by Joe Dittmar
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BUCKNER'S UNFORTUNATE ERROR
New York Mets 6, Boston Red Sox 5
Saturday, October 25, 1986, Shea Stadium
Baseball history is littered with crucial defensive misplays and mistakes in judgment. Some, like Ruth’s caught-stealing to end the 1926 World Series, have brought an abrupt conclusion to a team’s season, leaving no chance for redemption. Others, not quite as grave, have gained in perceived importance with the passing of time. The Merkle Boner, an innocent action that was often overlooked in its time, has since been elevated to the level of damnable offense for having cost the Giants the pennant in 1908. But few consider that the Giants had several weeks remaining in their season to offset the gaffe. Game Six of the 1986 Fall Classic provided the annals with another such lapse that, while serious, perhaps unfairly stigmatized a player with the onus of a lost season.
Looking for their first championship in 68 campaigns, the Boston Red Sox were now on the verge, leading the New York Mets three series games to two. A victory this night would ignite Beantown and liberate the frustrated souls of players who had previously guided the Sox to three seventh-game World Series losses and 11 second-place American League finishes.
Boston hopes initially were aroused when the Sox scored a run in each of first two frames. Dwight Evans doubled home a run in the first, and Marty Barrett singled home another in the second. Behind the 24-4 Clemens, who allowed no hits through the first four innings, it appeared the 68-year drought might end.
In the fifth the Mets finally dented the hitting and the scoring columns. Darryl Strawberry led off with a single, stole second and scored on Ray Knight’s single. Another single, an error and a double play allowed Knight to tally an unearned run, making it 2-2.
With a 3-2 lead, Boston nearly broke it open in the eighth as they loaded the bases with two outs. But Jesse Orosco extinguished the fire by retiring Bill Buckner on a fly ball to center. During the futile rally Clemens was lifted for a pinch-hitter. The ace right-hander had developed a blister on the middle finger of his pitching hand and felt it had compromised his effectiveness. It was about this time that a Boston clubhouse man asked to borrow the Mets’ champagne because the visitors had left theirs home. Twenty cases were sent to the Sox’ dressing room.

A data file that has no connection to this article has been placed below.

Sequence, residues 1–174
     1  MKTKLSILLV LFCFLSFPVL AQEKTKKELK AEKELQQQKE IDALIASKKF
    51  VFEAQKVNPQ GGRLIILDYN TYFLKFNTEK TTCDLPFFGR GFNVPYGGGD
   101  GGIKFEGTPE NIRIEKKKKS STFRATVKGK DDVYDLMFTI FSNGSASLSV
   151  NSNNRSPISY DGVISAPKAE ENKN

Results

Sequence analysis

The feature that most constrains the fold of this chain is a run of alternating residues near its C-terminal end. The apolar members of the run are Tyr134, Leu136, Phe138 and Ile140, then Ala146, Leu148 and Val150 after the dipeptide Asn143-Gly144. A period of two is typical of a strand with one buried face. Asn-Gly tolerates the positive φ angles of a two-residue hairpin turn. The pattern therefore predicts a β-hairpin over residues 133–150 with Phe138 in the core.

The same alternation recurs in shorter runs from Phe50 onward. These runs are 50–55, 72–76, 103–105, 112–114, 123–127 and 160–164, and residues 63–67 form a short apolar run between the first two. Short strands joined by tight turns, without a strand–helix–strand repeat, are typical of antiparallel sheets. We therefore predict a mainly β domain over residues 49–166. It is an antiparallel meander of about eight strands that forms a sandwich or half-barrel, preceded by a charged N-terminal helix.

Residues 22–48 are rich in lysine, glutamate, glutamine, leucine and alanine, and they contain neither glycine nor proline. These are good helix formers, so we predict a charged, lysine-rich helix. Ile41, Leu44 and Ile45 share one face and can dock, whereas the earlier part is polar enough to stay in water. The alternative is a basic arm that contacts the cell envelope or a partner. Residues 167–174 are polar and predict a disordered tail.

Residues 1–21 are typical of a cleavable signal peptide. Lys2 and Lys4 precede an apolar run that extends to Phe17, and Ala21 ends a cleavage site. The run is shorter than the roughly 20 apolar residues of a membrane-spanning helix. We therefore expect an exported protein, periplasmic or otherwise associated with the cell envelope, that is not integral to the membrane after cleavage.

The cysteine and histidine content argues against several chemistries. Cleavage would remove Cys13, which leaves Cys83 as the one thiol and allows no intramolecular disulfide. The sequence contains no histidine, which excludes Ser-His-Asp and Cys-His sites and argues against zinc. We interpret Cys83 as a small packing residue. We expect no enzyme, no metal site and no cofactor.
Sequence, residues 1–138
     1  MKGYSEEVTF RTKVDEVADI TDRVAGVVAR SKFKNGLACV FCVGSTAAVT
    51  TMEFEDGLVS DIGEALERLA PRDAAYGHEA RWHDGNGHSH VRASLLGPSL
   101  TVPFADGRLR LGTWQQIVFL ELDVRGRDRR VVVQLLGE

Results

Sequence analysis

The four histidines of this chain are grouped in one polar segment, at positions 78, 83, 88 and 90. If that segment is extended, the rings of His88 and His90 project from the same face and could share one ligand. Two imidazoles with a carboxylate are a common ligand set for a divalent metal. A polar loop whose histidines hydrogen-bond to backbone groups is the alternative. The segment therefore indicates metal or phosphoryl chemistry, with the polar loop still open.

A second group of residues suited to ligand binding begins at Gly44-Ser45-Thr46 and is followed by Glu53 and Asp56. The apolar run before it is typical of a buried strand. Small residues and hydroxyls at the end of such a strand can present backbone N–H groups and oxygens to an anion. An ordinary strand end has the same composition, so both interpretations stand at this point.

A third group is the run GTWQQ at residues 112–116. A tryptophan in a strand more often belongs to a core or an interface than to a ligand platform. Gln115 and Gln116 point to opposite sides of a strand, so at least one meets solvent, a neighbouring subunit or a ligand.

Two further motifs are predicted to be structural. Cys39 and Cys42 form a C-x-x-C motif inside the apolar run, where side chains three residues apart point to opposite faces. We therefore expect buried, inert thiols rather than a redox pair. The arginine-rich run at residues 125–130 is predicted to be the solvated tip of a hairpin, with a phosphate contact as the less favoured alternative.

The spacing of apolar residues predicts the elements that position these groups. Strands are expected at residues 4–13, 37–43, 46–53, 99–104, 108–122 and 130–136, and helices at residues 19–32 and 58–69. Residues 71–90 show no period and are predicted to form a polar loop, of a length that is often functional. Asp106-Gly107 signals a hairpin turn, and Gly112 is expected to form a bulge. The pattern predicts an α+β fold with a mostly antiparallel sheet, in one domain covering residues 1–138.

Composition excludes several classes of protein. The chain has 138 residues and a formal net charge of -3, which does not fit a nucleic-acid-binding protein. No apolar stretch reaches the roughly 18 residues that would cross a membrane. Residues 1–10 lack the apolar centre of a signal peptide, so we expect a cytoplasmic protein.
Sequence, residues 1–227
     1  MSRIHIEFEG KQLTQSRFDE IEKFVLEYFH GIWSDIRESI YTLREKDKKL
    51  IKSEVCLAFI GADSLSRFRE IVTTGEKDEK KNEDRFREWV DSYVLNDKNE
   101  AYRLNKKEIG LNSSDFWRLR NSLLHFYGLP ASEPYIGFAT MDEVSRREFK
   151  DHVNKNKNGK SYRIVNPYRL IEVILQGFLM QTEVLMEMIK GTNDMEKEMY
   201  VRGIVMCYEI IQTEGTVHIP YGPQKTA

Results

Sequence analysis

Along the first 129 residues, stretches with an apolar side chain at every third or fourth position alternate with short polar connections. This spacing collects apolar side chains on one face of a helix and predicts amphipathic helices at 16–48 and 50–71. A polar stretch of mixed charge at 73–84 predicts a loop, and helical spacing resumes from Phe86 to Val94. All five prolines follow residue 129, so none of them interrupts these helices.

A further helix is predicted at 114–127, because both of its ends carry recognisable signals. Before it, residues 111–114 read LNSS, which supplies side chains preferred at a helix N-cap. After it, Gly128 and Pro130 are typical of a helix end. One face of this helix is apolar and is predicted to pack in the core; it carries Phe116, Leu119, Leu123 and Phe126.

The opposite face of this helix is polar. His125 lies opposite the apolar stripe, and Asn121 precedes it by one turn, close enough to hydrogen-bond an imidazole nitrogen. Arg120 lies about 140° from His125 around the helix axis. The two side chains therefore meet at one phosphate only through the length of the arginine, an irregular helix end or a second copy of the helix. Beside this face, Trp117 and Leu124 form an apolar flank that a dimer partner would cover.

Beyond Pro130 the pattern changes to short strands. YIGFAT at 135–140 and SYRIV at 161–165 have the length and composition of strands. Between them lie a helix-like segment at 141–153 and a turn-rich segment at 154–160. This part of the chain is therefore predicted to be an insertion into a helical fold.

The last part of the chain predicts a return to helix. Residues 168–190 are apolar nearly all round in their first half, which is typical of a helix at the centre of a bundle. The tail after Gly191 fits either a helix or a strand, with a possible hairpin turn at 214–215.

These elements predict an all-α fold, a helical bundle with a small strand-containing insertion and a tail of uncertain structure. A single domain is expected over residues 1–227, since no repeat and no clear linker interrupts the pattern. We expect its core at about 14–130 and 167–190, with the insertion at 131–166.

Needing just six outs for their long awaited championship, ace reliever Calvin Schiraldi assumed the Boston pitching duties. The right-hander, thanks to two misplayed bunts, quickly got into trouble by allowing the Mets to load the bases with only one out. With the frantic crowd roaring, Gary Carter hit a sacrifice fly to tie the game at three, but Schiraldi escaped any further damage.
The Mets blew a golden opportunity to win it in the bottom of the ninth. A walk and an error put their first two men aboard, but Schiraldi disposed of pinch-hitter Howard Johnson, Lee Mazzilli, and Lenny Dykstra to send it into extra innings.
When Dave Henderson led off the Boston 10th with a home run, it looked as if the Sox finally had their championship. And when Barrett followed Wade Boggs’s double with an RBI single, a celebration seemed certain.
In the bottom of the tenth Schiraldi retired the first two batters, and the message board in left briefly flashed: “Congratulations, Red Sox.” With a 2-1 count on Carter, Boston was only two strikes away from World Series’ rings. But Carter singled, as did rookie pinch-hitter Kevin Mitchell. Schiraldi then got two strikes on Knight, needing just one more to end it, but the veteran third baseman atoned for his earlier error by singling and making it 5-4. With runners at the corners, Bob Stanley replaced Schiraldi. Wilson fouled off several pitches before Stanley uncorked a wild pitch that enabled Mitchell to score the tying run and moved Knight to second. After fouling off several more offerings, Wilson grounded a ball toward first, tight to the line. The behobbled Buckner managed to square himself in front of the slow grounder, but the ball slipped under his glove and trickled into right field. Knight raced home as the Mets erupted from their dugout. A miraculous comeback had transpired, and Boston’s haunted past had risen spectre-like once again.
From The 100 Greatest Baseball Games of the 20th Century Ranked by Joseph J. Dittmar.
Copyright © 2000 by Joseph J. Dittmar. Reprinted with permission.